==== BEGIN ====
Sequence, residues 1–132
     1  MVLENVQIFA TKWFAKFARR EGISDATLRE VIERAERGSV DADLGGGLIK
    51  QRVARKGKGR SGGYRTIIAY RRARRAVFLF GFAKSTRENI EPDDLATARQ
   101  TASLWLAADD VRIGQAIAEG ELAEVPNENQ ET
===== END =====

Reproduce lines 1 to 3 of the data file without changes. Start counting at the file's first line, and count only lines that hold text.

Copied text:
Sequence, residues 1–132
     1  MVLENVQIFA TKWFAKFARR EGISDATLRE VIERAERGSV DADLGGGLIK
    51  QRVARKGKGR SGGYRTIIAY RRARRAVFLF GFAKSTRENI EPDDLATARQ